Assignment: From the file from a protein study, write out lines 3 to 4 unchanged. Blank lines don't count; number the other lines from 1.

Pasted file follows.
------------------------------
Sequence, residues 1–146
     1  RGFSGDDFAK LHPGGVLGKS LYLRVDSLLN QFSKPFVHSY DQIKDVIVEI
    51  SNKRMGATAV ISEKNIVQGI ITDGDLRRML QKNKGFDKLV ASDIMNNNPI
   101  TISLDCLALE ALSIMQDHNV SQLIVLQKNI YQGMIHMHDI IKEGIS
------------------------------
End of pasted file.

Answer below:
    51  SNKRMGATAV ISEKNIVQGI ITDGDLRRML QKNKGFDKLV ASDIMNNNPI
   101  TISLDCLALE ALSIMQDHNV SQLIVLQKNI YQGMIHMHDI IKEGIS